A hybrid piezoelectric energy harvesting transducer system includes: (a) first and second symmetric, pre-curved piezoelectric elements mounted separately on a frame so that their concave major surfaces are positioned opposite to each other; and (b) a linear piezoelectric element mounted separately on the frame and positioned between the pre-curved piezoelectric elements. The pre-curved piezoelectric elements and the linear piezoelectric element are spaced from one another and communicate with energy harvesting circuitry having contact points on the frame. The hybrid piezoelectric energy harvesting transducer system has a higher electromechanical energy conversion efficiency than any known piezoelectric transducer.

Xu, Tian-Bing (Inventor); Jiang, Xiaoning (Inventor); Su, Ji (Inventor); Rehrig, Paul W. (Inventor); Hackenberger, Wesley S. (Inventor)

2008-01-01

244

Bi-stable energy harvesting based on a simply supported piezoelectric buckled beam

NASA Astrophysics Data System (ADS)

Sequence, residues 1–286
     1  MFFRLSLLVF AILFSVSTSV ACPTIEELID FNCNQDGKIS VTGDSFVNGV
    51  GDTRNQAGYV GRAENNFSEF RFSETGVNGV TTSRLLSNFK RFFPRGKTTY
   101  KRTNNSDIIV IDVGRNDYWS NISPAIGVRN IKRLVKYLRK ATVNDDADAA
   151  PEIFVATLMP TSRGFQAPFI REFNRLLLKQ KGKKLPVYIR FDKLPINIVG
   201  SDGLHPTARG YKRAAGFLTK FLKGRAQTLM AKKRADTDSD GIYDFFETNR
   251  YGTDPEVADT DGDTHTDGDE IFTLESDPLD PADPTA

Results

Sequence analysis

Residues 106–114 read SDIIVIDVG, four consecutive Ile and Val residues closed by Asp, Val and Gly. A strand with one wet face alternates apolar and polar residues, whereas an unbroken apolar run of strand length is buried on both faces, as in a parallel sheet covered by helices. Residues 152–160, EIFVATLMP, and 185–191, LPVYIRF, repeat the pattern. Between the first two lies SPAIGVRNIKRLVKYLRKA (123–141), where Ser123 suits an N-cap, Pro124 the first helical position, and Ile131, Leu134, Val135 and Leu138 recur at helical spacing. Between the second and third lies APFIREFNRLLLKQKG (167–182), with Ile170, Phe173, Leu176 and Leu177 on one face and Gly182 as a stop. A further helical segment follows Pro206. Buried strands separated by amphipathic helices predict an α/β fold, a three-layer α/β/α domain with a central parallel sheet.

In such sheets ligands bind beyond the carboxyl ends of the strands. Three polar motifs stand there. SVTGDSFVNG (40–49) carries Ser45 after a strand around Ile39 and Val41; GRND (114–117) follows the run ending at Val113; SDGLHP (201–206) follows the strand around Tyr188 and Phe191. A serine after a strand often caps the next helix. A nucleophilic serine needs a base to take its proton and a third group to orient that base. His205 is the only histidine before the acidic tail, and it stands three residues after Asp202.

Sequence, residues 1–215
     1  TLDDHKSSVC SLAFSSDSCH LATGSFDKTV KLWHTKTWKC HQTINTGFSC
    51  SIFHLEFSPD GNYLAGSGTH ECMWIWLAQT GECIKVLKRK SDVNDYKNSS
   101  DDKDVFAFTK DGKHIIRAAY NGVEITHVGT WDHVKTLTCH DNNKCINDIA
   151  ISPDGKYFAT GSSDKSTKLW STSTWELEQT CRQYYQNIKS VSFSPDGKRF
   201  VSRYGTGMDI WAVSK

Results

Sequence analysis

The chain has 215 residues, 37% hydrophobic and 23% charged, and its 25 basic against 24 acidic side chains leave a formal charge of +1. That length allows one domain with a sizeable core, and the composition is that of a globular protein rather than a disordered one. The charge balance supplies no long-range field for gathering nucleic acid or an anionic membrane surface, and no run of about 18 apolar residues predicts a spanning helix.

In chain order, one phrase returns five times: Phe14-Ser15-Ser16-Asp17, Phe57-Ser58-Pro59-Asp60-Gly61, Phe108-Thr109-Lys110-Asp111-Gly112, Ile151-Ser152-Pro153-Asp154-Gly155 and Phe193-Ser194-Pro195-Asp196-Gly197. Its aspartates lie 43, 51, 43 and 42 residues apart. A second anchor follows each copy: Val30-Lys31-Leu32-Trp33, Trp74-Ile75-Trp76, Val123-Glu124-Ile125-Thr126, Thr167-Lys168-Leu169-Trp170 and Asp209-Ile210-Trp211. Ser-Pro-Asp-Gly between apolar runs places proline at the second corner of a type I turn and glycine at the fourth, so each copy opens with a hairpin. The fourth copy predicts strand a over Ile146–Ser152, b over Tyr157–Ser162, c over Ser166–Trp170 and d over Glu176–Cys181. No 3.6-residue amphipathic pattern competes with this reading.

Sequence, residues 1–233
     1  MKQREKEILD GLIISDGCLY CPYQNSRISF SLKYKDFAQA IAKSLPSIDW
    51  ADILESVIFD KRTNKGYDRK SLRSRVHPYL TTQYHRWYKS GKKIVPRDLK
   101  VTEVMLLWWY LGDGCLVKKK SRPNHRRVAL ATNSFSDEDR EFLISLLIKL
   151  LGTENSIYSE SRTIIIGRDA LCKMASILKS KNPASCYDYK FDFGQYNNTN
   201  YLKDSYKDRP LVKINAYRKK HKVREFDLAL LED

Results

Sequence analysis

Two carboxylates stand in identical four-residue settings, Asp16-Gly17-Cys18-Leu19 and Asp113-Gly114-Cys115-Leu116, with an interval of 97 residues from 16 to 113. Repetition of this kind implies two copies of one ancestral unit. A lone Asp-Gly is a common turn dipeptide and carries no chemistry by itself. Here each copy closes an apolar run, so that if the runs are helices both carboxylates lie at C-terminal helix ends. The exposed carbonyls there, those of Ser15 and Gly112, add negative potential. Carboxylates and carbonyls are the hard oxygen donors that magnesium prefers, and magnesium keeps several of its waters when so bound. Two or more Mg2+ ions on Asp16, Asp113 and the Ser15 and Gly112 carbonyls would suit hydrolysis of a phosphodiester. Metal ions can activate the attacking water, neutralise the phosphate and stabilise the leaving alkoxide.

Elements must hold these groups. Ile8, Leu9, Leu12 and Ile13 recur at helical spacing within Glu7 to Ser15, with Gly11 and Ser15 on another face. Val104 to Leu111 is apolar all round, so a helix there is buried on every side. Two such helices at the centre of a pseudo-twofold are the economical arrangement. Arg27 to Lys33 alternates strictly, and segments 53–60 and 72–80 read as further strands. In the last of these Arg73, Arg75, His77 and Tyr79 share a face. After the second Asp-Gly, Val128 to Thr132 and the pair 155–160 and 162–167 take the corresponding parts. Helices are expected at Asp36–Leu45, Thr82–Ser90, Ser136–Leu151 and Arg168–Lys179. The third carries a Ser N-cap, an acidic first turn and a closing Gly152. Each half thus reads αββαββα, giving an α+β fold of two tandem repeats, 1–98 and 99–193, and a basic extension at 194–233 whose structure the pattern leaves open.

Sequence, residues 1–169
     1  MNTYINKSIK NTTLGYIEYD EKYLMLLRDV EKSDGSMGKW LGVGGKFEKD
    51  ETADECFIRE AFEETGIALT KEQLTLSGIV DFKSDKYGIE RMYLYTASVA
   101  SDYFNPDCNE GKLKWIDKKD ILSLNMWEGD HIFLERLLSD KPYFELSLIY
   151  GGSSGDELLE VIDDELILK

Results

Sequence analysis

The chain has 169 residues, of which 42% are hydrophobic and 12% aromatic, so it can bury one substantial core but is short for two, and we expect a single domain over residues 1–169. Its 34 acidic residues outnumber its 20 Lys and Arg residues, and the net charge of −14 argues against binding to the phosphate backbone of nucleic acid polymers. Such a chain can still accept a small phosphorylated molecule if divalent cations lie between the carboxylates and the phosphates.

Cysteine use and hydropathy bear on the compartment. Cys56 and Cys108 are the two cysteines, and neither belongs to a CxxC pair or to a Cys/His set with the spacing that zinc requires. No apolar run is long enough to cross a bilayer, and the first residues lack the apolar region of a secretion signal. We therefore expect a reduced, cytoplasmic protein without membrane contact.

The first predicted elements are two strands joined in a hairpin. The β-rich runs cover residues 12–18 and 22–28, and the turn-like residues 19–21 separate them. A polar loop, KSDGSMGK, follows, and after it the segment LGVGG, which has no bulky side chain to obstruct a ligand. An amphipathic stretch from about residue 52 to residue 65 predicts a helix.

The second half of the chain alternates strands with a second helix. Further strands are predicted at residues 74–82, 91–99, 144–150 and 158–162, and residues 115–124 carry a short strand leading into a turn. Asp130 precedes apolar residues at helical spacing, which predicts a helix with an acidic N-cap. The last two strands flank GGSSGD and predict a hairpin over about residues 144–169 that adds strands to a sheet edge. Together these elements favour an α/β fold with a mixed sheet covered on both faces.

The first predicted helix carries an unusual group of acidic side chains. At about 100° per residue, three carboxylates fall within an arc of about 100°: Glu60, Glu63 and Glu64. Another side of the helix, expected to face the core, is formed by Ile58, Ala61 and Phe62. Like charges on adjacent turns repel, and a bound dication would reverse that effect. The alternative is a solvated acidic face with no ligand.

Bi-stable piezoelectric energy harvester has been found as a promising structure for vibration energy harvesting. This paper presents a high performance and simple structure bi-stable piezoelectric energy harvester based on simply supported piezoelectric buckled beam. The potential energy function is established theoretically, and electrical properties of the device under different axial compressive displacements, excitation frequencies, and accelerations are investigated systematically. Experimental results demonstrate that the output properties and bandwidth of the bi-stable nonlinear energy harvester under harmonic mechanical excitation are improved dramatically compared with the traditional linear energy harvester. The device demonstrates the potential in energy harvesting application to low-power portable electronics and wireless sensor nodes.